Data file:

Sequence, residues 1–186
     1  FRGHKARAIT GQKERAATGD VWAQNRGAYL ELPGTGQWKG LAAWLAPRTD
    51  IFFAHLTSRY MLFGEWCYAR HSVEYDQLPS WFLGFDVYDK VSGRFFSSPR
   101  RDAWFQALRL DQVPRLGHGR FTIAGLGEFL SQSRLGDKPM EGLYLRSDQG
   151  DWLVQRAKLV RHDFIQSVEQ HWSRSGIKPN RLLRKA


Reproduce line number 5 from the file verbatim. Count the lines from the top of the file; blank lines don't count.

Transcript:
   151  DWLVQRAKLV RHDFIQSVEQ HWSRSGIKPN RLLRKA